BUSINESS
November 27, 2002 | FROM INQUIRER WIRE SERVICES
U.S. economic growth was brisker than first thought during the summer, while consumer confidence broke a five-month downtrend in November. But within these apparently upbeat reports yesterday lurked signs that the recovery for the nation's economy was still not on solid ground. The Commerce Department said the gross domestic product - considered the best barometer of U.S. economic health - rose at a solid annualized rate of 4.0 percent in the third quarter. A month ago, the government estimated the GDP growth at 3.1 percent.
NEWS
April 5, 1990 | By Larry Eichel and Andrew Cassel, Inquirer Staff Writers
Seventeen years ago, the intersection of Abbott Road and Southwestern Boulevard in the Buffalo suburb of Orchard Park, N.Y., was a pretty forgettable place. Its four corners were home to a gas station, a convenience store, a tavern and a tiny office building. Then an 80,000-seat stadium went up a few hundred yards away. And the Buffalo Bills of the National Football League came to town. And that, according to the Chamber of Commerce, was sure to bring an economic bonanza to little Orchard Park.
BUSINESS
February 12, 2003 | By Ken Moritsugu INQUIRER WASHINGTON BUREAU
Federal Reserve Chairman Alan Greenspan weighed in on President Bush's proposed tax cut yesterday, voicing concern about the rising federal budget deficit and questioning the need for a new economic-stimulus package. He also surprised some analysts with a cautiously upbeat assessment of the U.S. economy's prospects, though he said that fears of war with Iraq made it difficult to gauge the economy's underlying health. Greenspan's testimony to the Senate banking committee is likely to bolster Democratic opposition to Bush's proposal to reduce taxes to boost economic growth.
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NEWS
April 16, 2015 | By Maddie Hanna and Thomas Fitzgerald, Inquirer Staff Writers
MANCHESTER, N.H. - Gov. Christie proposed an overhaul of federal entitlements Tuesday that would cut $1 trillion in spending on Social Security, Medicare, and Medicaid over a decade, a bold stroke aimed at reviving his presidential aspirations. Christie, trailing potential rivals for the 2016 Republican nomination in polls, said the changes were needed both to preserve the safety-net programs and to stabilize federal finances. "Every other national priority will be sacrificed, our economic growth will grind to a halt, and our national security will be put at even graver risk" without cost cutting, Christie said during a speech at St. Anselm College.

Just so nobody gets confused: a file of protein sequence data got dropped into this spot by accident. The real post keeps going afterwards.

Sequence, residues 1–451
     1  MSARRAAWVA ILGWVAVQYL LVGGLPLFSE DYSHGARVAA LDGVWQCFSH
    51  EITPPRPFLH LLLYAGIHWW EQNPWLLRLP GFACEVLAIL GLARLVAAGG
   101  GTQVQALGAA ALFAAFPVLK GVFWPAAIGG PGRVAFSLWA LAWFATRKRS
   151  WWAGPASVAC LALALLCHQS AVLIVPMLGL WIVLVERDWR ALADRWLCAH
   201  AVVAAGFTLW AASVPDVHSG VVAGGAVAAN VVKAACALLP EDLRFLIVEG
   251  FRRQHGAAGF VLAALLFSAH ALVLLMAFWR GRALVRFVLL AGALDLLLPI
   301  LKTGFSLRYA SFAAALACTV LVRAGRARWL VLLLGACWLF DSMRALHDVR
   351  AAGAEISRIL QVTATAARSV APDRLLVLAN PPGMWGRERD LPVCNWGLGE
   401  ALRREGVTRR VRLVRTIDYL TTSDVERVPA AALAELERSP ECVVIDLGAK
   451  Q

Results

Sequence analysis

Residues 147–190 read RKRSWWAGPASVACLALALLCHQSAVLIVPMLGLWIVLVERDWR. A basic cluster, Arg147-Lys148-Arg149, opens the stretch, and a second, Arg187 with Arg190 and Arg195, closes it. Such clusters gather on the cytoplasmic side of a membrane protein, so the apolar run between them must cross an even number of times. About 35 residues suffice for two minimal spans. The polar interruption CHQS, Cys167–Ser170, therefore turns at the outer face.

BUSINESS
August 9, 2014 | By Chris Mondics, Inquirer Staff Writer
When it comes to income and wealth, Pennsylvania is a step behind - once again. A new report analyzing consumer spending in the 50 states and the District of Columbia finds Pennsylvania comfortably ensconced in the second tier. It is behind New Jersey and such high fliers as the nation's capital, New York state, with its Wall Street revenue, and even North Dakota, where a boom in energy development has boosted personal spending. But it is ahead of its Midwestern neighbor, Ohio, and such states as Illinois and Rhode Island, the sick man of New England.
BUSINESS
September 6, 2013 | By Reid Kanaley, Inquirer Staff Writer
Driven by spending on cars and housing-related goods, economic activity continued to expand at a modest to moderate pace across the country during the summer, the Federal Reserve said Wednesday. Reports from the Fed's 12 regional banks, including Philadelphia, show that the period from early July through late August saw at least steady hiring as inflation remained "subdued. " The Dow Jones industrial average fell a bit after the 2 p.m. release of the closely watched Fed report, called the Beige Book.
BUSINESS
July 28, 2013 | By Joe McDonald, Associated Press
BEIJING - China's government has ordered companies to close factories in 19 industries where overproduction has led to price-cutting wars, affirming its determination to push ahead with a painful economic restructuring despite slowing growth. The industry ministry issued orders late Thursday to more than 1,400 companies to cut excess capacity that has led to financial trouble for manufacturers. The affected industries include steel, cement, copper, and glass. It requires some companies to close outright.